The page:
Women with infants and children are the fastest-growing segment of the U.S. labor force. Among employed women with children under age three, approximately 70 percent work full time. One-third of mothers return to work within three months after giving birth, and two-thirds return within six months.
Breastfeeding offers proven health benefits for babies and mothers, but women often find it difficult to continue breastfeeding once they return to the workplace. Challenges include lack of break time and inadequate facilities for pumping and storing human milk. Many of these workplace challenges can be reduced with a small investment of time, money, and flexibility. Providing accommodations for breastfeeding offers tremendous rewards for the employer, in cost savings for healthcare, reduced absenteeism, employee morale, and employee retention.(Information courtesy of United States Breastfeeding Committee ”Workplace Breastfeeding Support” )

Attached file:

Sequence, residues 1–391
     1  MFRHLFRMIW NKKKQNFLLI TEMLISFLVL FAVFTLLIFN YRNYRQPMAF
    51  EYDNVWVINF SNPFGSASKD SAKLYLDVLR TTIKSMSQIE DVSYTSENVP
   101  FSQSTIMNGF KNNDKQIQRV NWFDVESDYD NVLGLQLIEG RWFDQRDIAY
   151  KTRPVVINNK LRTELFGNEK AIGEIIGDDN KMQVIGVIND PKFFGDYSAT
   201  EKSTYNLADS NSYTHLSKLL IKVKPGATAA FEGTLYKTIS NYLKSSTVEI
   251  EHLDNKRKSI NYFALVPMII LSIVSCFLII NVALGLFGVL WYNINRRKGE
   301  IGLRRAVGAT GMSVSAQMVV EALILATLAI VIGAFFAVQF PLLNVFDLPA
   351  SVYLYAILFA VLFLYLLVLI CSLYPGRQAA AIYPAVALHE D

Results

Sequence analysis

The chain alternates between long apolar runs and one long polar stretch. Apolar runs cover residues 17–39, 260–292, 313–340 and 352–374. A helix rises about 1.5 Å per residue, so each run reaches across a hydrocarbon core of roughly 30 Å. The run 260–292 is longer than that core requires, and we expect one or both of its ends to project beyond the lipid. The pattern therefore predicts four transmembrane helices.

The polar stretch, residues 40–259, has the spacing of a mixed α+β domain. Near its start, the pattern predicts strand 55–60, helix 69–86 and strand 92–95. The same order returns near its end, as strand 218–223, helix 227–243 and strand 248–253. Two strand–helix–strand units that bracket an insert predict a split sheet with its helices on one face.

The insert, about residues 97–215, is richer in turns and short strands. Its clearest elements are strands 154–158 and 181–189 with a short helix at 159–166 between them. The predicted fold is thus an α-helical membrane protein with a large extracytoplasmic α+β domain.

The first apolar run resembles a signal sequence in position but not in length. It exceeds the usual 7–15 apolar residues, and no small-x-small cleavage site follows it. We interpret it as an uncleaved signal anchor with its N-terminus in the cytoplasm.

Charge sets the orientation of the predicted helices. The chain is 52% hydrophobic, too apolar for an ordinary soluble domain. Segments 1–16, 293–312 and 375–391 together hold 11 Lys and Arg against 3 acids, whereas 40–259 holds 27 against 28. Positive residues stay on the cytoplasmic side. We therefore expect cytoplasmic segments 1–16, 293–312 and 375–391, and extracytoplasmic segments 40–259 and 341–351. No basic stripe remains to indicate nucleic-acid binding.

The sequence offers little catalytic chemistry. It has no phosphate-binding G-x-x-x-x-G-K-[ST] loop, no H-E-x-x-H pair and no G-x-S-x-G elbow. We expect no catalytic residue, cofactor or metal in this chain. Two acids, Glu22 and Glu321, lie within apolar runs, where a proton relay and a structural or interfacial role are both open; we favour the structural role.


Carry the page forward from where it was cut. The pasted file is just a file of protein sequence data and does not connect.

Moms in almost every line of work are continuing to breastfeed, including
With a little planning, you too can successfully return to work or school and continue breastfeeding.
Will I need a breast pump?
If you will be away from your baby long enough that you regularly miss one feeding or more, then you may need an electric breast pump.
Where can I get a breast pump?
Most breastfeeding moms are eligible for a free breast pump through their insurance company. Talk to the WIC breastfeeding staff for more information on their pump program and for help ordering a breast pump.
Department of Labor Fact Sheet #73: Break Time for Nursing Mothers under the FLSA